Don’t Cross The Line With Deposition Witnesses

Shari L. Klevens and Alanna Clair | Mondaq | October 4, 2018

Here are some tips for avoiding ethical issues and the possibility of sanctions in connection with depositions.

Most experienced litigators have at least one horror story of a deposition that went poorly. It usually starts with an opposing attorney with an ax to grind or one that is determined to prove to their client that they are an especially “zealous advocate.” However, attorneys can forget that, although depositions may be held in informal settings, the rules of decorum and professionalism still apply in full force.

Courts will not hesitate to sanction attorneys who engage in conduct during depositions that would never be tolerated in the courtroom. In particular, as reflected by a number of recent decisions in California, courts do not look kindly upon conduct that demonstrates a lack of respect for opposing counsel.

For example, in Claypole v. County of Monterey, No. 14-CV-02730-BLF at *4 (N.D. Cal. Jan. 12, 2016), the U.S. District Court for the Northern District of California sanctioned an attorney for advising opposing counsel that she should not raise her voice because “it’s not becoming of a woman or an attorney who is acting professionally under the rules of professional responsibility.”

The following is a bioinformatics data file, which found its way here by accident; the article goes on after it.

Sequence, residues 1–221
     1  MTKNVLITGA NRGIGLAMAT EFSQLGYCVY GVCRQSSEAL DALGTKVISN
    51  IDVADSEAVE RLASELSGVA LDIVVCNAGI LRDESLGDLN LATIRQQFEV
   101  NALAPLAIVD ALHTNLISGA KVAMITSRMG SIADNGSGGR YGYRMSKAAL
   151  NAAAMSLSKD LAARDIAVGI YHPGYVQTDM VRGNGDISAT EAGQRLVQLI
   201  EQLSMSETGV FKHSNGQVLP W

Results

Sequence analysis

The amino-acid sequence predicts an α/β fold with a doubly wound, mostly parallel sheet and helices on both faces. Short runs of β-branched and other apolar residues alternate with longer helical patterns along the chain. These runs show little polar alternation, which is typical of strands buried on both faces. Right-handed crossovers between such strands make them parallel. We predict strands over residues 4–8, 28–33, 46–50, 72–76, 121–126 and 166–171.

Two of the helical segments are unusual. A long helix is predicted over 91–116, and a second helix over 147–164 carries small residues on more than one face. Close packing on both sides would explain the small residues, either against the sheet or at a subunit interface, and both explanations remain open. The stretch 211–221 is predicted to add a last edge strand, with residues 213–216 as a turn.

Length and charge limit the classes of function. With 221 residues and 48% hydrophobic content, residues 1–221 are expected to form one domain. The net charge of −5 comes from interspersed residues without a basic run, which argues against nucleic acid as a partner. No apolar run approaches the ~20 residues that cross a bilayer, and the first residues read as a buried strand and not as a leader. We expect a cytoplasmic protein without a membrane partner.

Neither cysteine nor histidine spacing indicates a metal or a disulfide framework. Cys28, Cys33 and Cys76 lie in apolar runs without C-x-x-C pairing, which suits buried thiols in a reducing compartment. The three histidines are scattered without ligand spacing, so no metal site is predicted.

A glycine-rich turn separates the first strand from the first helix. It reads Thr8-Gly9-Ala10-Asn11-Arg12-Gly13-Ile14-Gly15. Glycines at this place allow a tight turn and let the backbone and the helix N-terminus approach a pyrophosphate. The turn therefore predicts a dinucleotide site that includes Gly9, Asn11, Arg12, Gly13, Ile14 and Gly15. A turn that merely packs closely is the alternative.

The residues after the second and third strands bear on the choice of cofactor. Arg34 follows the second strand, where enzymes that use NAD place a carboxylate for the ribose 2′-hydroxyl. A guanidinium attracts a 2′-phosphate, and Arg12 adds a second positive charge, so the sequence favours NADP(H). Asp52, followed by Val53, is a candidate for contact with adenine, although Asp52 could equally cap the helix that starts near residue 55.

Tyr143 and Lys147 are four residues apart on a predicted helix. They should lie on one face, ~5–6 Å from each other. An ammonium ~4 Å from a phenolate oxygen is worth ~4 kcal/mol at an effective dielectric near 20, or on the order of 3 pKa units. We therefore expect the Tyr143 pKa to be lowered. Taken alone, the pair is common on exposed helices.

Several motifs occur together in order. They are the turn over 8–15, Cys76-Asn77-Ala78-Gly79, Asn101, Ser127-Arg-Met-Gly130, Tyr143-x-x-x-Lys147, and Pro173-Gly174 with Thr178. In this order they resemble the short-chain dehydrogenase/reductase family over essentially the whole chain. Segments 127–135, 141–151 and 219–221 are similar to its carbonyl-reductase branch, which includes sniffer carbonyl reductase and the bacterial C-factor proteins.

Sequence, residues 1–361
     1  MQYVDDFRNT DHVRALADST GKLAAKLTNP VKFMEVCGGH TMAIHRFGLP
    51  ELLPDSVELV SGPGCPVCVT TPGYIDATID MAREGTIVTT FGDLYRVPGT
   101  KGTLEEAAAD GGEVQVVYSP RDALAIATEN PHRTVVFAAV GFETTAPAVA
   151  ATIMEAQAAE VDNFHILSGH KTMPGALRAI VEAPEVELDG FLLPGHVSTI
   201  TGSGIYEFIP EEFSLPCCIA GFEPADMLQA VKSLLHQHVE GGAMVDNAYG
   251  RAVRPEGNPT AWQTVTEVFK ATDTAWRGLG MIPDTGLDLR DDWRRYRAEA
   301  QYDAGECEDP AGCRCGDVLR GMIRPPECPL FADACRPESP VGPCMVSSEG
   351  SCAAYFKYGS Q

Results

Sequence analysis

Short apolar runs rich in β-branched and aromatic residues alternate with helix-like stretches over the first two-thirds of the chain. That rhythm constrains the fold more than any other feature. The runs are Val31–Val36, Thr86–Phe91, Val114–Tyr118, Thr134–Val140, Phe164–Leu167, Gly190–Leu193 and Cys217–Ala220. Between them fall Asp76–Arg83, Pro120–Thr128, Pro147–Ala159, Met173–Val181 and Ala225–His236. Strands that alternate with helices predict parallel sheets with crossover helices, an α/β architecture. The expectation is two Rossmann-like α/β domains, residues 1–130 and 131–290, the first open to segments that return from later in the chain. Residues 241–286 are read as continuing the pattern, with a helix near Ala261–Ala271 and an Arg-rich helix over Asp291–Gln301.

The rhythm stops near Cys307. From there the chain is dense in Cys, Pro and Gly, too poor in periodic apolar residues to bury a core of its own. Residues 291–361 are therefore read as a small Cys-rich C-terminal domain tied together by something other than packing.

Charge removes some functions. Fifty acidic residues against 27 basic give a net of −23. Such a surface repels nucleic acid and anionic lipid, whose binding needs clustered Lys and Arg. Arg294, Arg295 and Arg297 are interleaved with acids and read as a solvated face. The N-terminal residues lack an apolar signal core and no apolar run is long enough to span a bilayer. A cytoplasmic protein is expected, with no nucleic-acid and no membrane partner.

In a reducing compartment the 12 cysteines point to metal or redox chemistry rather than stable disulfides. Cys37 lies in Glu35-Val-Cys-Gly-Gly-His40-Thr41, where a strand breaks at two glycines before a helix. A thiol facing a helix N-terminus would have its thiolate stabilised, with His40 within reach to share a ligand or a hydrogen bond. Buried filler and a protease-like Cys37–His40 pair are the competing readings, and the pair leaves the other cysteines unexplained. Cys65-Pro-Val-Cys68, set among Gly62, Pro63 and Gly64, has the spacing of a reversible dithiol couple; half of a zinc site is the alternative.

While it is perhaps unsurprising that such an obviously sexist remark drew the court’s ire, other courts have imposed sanctions for “snarky” comments that may be somewhat commonplace in heated depositions but nonetheless are viewed by courts as being inconsistent with the level of civility expected from attorneys. In Lucas v. Breg, No. 3:15-CV-00258-BAS-NLS, at *2 (S.D. Cal. May 13, 2016), the U.S. District Court for the Southern District of California sanctioned an attorney for statements to opposing counsel during a deposition such as “shame on you,” “you know, someone apparently didn’t fill you in on who you’re dealing with here,” and “it appears you might be hallucinating by positing the possibility that the defendants are going to win this lawsuit.”

The resulting sanctions for such conduct can be severe and could  include an order requiring payment of opposing counsel’s fees or a monetary fine. For more severe conduct, a bar grievance may be possible. Below are some tips for avoiding ethical issues and the possibility of sanctions in connection with depositions.

Encourage Your Witness to Tell the Truth